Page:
Odontomachus banksi

Every Ant Tells a Story - And Scientists Explain Their Stories Here
Jump to navigation Jump to search
Odontomachus banksi
Scientific classification
Kingdom: Animalia
Phylum: Arthropoda
Class: Insecta
Order: Hymenoptera
Family: Formicidae
Subfamily: Ponerinae
Tribe: Ponerini
Genus: Odontomachus
Species: O. banksi
Binomial name
Odontomachus banksi
Forel, 1910

Odontomachus banksi casent0901975 p 1 high.jpg

Odontomachus banksi casent0901975 d 1 high.jpg

Specimen Labels

Found only in dipterocarp forests, sometimes degraded, on mountain slopes.


Sorger & Zettel (2011) - Odontomachus banksi is the most distinct Philippine member of the O. infandus group species. It can be distinguished from all other species by the relatively long and dense pilosity of the mesosoma and by striation on the etiole. The smooth and shiny posterior of the head is also the Western Visayas, Odontomachus scifictus on Camiguin, and O. sp. 2 on Mindanao. They have brown heads and a smooth area on the mesopleuron, whereas the head of O. banksi is yellowish orange and its mesopleuron densely and fully striate. A population of Odontomachus alius from Catanduanes resembles O. banksi in light and (partly) smooth head, but differs in sparse pilosity of mesosoma, fine striation of mesopleuron, distinctly curved petiolar spine (straight in O. banksi), and brownish gaster (blackish in O. banksi).

Keys including this Species


Endemic to the Philippines and present only in the central and southern parts of Luzon; records from Laguna, Quezon (Brown 1976), Camarines Norte and Camarines Sur.

Distribution based on Regional Taxon Lists

Indo-Australian Region: Philippines (type locality).

Distribution based on AntMaps


Distribution based on AntWeb specimens

Check data from AntWeb





The following information is derived from Barry Bolton's New General Catalogue, a catalogue of the world's ants.

  • banksi. Odontomachus banksi Forel, 1910d: 121 (w.) PHILIPPINES. Viehmeyer, 1916b: 284 (q.). See also: Brown, 1976a: 125; Sorger & Zettel, 2011: 154.

Unless otherwise noted the text for the remainder of this section is reported from the publication that includes the original description.



Sorger & Zettel (2011) - Lectotype: CI 77, 2.80 HW, 3.65 HL, 56 MdI, 2.05 MdL, 4.95 MsL, 1.60 PnW, 1.47 PtH, 1.63 PtL, 0.58 PtW, 132 SI, 3.70 SL, 16 TL worker with smallest HW: CI 67, HL 2.90, HW 1.95, MdI 56, MdL 1.63, MsL 4.13, PnW 1.13, PtH 1.02, PtL 1.16, PtW 0.40, SI 157, SL 3.07, TL 12.38; worker with largest HW: CI 74, HL 3.70, HW 2.73, MdI 55, MdL 2.05, MsL 5.33, SI 138, SL 3.77, PnW 1.59, PtH 1.58, PtL 1.68, PtW 0.58, TL 15.75.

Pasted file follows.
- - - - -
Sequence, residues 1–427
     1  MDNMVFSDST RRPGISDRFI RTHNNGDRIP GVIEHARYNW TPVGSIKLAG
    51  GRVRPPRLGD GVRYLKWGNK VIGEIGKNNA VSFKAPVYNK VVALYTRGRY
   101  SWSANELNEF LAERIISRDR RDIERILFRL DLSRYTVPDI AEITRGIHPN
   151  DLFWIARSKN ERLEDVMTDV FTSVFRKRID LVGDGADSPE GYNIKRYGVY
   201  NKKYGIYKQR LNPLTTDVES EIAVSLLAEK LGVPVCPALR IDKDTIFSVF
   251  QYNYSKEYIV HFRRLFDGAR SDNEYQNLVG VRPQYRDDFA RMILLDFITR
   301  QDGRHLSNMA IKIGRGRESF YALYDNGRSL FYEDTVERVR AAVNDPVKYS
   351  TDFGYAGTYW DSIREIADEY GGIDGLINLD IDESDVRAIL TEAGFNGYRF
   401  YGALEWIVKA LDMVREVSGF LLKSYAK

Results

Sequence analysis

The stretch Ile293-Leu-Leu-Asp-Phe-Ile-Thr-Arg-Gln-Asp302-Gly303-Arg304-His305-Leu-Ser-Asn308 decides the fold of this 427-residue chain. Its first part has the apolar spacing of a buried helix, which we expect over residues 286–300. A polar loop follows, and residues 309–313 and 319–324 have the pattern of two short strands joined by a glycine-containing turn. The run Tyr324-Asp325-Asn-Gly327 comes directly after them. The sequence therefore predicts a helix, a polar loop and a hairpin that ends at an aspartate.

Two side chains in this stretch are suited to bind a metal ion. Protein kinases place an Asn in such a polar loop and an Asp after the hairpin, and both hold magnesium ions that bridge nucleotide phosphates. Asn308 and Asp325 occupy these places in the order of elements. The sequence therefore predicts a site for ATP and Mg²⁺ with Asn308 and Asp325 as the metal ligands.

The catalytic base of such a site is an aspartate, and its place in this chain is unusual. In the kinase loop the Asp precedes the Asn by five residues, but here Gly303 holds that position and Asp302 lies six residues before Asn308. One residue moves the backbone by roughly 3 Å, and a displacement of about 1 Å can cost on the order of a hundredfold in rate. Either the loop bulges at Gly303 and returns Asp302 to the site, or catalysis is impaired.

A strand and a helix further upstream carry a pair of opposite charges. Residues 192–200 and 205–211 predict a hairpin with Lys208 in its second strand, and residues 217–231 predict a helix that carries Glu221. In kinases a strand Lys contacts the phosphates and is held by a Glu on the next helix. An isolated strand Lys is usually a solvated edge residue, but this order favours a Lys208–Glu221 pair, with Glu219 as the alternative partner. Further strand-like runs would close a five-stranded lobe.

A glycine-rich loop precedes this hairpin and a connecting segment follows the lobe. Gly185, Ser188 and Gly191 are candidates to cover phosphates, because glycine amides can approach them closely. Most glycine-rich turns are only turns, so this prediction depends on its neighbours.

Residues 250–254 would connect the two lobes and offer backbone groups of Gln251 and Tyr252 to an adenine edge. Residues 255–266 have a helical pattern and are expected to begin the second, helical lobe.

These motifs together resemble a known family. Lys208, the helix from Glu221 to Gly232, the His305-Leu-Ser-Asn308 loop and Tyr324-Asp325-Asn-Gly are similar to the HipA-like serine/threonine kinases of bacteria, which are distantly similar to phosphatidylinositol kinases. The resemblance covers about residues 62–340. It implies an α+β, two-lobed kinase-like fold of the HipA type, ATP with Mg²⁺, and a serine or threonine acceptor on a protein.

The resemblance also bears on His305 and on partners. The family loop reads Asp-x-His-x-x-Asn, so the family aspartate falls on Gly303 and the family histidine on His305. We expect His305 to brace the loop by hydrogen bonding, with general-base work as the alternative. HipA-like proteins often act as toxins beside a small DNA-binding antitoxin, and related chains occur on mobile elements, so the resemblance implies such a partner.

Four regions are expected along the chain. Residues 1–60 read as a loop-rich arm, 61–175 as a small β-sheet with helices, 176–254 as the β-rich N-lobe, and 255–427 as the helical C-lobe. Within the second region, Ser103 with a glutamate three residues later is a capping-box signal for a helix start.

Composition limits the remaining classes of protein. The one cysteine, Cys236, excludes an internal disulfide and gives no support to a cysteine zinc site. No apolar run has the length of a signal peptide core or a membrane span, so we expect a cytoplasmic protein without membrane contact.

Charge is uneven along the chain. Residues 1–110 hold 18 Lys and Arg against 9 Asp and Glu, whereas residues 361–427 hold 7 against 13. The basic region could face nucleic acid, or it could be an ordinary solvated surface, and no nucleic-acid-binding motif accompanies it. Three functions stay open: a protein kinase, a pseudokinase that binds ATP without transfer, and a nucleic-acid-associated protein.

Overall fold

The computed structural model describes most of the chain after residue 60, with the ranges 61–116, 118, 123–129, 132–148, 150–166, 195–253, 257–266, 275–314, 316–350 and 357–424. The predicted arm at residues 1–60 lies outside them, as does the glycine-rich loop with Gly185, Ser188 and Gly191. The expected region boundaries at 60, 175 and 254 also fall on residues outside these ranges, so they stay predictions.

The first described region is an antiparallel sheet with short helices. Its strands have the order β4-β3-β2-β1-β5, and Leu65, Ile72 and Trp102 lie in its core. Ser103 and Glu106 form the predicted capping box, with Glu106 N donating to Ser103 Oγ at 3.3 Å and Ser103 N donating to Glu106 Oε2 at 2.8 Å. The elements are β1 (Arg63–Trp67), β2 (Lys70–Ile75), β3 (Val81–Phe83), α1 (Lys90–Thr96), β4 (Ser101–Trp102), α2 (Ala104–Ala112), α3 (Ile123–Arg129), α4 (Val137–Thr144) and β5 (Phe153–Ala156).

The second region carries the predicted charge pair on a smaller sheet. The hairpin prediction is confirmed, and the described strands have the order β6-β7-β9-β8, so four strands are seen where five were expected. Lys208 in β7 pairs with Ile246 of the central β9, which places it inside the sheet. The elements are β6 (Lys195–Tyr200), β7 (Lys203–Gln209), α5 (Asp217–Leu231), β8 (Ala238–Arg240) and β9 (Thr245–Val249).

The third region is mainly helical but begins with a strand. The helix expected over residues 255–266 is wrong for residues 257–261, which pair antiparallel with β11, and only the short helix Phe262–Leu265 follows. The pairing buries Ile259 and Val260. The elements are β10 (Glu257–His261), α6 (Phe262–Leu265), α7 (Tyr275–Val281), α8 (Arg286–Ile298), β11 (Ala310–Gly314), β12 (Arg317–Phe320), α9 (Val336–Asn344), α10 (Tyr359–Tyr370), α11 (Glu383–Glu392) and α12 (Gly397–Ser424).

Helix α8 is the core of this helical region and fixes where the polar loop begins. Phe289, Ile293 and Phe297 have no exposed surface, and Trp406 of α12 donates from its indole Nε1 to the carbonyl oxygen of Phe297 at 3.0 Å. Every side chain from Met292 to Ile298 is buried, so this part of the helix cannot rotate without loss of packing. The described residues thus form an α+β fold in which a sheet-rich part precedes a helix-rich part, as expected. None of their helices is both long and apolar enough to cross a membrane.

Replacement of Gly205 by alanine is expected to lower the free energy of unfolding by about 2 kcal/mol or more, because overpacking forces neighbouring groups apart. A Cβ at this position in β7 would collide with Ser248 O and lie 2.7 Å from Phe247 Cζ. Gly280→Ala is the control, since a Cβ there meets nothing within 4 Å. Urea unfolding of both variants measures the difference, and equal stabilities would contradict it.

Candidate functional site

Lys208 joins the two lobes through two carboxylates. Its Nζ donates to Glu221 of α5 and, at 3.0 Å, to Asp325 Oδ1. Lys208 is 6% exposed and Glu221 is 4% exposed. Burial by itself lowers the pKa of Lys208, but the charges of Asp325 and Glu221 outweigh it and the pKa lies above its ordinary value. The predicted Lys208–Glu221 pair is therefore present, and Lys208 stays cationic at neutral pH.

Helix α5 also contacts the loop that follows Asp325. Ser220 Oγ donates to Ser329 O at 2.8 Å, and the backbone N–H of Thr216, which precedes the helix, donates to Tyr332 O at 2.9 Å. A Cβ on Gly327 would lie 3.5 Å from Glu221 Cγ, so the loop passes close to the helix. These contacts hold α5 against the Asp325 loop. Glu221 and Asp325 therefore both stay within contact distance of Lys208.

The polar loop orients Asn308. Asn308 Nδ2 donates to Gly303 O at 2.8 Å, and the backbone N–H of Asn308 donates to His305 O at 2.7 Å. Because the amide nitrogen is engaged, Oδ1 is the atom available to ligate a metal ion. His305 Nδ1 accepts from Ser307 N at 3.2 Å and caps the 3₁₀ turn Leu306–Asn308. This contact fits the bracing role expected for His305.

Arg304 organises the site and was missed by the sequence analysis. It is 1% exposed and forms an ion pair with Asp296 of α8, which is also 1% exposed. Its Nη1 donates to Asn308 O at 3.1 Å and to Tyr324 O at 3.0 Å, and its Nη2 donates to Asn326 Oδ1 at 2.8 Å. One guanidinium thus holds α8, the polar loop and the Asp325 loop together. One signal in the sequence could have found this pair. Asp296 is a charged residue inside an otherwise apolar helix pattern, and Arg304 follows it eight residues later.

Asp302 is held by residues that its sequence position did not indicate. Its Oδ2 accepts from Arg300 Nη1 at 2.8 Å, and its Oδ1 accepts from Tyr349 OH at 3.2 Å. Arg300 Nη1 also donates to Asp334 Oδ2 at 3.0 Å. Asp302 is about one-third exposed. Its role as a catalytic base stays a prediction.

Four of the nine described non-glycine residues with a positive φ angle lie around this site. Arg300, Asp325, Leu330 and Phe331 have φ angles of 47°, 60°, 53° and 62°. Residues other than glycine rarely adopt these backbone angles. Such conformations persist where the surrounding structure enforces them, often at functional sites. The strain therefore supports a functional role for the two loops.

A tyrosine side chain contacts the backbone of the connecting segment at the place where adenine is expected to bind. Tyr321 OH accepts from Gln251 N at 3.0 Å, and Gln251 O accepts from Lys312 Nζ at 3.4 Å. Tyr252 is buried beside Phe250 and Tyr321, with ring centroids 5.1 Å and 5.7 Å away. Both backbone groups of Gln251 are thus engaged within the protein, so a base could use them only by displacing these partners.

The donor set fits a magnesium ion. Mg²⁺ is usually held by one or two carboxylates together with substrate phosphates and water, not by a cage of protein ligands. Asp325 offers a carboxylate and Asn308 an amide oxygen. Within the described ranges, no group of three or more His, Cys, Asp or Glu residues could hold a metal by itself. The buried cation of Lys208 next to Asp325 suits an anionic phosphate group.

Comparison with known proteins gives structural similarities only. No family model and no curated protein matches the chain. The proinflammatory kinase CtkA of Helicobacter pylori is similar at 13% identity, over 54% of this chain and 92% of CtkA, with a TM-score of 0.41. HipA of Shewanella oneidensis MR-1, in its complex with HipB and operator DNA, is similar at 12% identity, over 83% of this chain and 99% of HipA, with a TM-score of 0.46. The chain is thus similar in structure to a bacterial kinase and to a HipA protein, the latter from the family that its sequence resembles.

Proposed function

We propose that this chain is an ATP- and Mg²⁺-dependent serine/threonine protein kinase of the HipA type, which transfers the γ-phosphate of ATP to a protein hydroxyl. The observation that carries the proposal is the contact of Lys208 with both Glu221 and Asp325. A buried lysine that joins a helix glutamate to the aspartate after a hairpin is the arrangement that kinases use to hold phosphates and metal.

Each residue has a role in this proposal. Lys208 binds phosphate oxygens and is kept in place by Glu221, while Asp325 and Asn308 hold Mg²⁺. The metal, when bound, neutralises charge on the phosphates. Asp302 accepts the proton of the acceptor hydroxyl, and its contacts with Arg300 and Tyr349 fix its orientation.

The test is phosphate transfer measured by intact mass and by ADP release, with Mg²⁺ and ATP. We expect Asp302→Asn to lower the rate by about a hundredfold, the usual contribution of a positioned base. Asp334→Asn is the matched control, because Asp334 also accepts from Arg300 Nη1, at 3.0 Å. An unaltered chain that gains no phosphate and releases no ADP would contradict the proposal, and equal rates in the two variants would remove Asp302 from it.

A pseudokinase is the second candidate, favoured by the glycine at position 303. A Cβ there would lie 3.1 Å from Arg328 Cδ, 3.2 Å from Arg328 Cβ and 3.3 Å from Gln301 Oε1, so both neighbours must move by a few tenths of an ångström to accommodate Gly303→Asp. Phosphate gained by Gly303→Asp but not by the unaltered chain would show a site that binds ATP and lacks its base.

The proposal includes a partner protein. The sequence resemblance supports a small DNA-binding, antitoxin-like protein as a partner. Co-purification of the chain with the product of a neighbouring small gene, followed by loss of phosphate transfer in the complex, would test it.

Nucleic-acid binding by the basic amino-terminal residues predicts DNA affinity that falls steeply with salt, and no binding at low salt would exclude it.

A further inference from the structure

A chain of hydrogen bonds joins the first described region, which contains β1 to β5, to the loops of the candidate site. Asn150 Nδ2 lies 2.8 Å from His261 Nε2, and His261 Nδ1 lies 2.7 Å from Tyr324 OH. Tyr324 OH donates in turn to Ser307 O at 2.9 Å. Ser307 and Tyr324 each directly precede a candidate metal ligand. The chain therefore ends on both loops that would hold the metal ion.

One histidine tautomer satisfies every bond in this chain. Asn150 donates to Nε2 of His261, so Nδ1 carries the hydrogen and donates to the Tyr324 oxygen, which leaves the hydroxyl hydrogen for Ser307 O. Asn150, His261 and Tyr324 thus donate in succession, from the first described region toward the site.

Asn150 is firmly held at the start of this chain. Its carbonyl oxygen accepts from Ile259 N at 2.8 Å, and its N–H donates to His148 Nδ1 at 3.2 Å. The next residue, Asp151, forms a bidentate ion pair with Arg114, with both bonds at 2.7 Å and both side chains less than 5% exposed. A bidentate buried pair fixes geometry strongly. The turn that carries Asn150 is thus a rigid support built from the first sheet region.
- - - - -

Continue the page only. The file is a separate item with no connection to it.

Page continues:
Structures: Striation on head extending from frontal lobes to ocular ridge, rest of head smooth and shiny. Pronotum with round to transverse striation, closed loops and circles may be visible in dorsal view. Mesopleuron with fine transverse striation. Petiole with some fine striation laterally and with long and acute petiolar spine; anterior face of node straight to almost concave.

Pilosity: Pubescence dense, long.

Colour: Bicoloured; head light brown contrasting with reddish brown mesosoma and petiole, dark brown gaster.

Type Material

Sorger & Zettel (2011) - Lectotype (worker; Musee d'Histoire Naturelle Genève; present designation) and paralectotypes (2 workers; MHNG), mounted on one pin, from Laguna Province (according to Forel 1910).

There is a discrepancy since the types are workers, but Forel (1910) describes gynes ("♀"). However, we believe that this is due to a typesetting error, as the characters “Mésonotum fortement et largement échancré” [translated: Mesonotum strongly and broadly indented] and “les stries ... du pronotum fines et serrés, parfois longitudinales au milieu” [translated: striae...on pronotum fine and tight together, sometimes longitudinal in the middle] must refer to workers. We select the uppermost worker as the lectotype.